Stop Letting Lore and World Building Define Your Enjoyment of Things
There was a point where I was watching Tenet and wondering if I was watching the same film as explained by reviews and fan reactions. The puzzle box of a plot I was expecting wasn’t there. While there are details that were undoubtedly missed on my first viewing, it never felt like I was missing some key piece of the narrative or like I needed to re-watch it several times to truly have a grasp on whatever director Christopher Nolan intended. A part of me wonders if most of the folks talking about it have even watched it because discussions are still centered on it being “impenetrable” instead of a film with a time travel gimmick and people working on different time flows were wearing different color armbands. Nolan and his films spark an intellectual curiosity in viewers, but they refuse to expand outward, instead remaining inward, confined to the film itself and spinning meta-narratives in defiance to abstraction, even if what inhabits the film itself isn’t particularly deep or insightful.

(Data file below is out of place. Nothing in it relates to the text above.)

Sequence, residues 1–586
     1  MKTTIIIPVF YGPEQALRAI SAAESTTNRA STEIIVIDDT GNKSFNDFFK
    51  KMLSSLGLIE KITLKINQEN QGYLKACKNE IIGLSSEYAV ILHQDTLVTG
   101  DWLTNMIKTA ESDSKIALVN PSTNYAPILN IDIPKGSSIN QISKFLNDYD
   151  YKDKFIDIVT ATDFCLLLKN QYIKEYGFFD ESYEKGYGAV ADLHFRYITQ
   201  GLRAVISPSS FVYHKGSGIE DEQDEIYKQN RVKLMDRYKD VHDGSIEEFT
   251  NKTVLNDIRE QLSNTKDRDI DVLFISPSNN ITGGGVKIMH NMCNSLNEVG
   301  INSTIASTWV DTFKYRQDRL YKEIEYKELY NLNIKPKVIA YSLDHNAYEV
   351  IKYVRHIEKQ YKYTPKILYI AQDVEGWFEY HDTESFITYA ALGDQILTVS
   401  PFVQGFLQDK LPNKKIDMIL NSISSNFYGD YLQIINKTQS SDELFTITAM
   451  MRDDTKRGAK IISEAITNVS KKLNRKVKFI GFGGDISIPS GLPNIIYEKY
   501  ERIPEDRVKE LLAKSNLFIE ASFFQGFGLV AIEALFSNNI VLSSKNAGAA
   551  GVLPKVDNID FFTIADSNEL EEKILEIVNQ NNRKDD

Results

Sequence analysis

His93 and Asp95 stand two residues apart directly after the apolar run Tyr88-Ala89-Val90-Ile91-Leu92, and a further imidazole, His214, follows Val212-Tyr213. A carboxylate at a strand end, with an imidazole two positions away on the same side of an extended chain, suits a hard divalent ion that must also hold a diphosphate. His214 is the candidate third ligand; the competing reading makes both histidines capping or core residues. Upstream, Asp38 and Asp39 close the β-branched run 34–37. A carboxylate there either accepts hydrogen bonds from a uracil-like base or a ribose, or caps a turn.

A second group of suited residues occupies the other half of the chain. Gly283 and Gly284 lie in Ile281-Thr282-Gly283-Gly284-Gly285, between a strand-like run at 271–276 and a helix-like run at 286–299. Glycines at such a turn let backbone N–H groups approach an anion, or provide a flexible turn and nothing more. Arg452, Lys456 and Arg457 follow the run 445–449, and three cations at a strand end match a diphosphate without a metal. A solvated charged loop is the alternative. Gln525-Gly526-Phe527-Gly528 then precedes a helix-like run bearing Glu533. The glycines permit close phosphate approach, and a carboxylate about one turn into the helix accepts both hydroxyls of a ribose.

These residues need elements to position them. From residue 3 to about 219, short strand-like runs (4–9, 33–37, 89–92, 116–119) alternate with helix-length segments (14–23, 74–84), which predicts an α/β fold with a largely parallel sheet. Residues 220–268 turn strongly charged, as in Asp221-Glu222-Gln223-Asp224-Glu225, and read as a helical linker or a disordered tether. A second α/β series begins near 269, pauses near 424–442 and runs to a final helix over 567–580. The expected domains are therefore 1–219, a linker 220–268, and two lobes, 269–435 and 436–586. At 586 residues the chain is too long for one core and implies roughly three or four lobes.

Tenet was a lot of fun, but hardly a mind-bending piece of staggering genius. Instead, it felt like a number of sequences like the bank heist in The Dark Knight with little concern over character development or any sort of depth. Still, people want it to be more than what it is, largely in part because of the movement Nolan helped cultivate where viewers need to decipher every last clue from the narrative to get the “real” meaning of the story, which there is always one true meaning, or else they lack the intellectual bandwidth to understand the genius of said work. Was the spinning top Leo’s totem? Or was it his ring? Watch Inception twelve times with a fine-toothed comb to find out! Broader, open-ended questions can’t take root within this closed loop.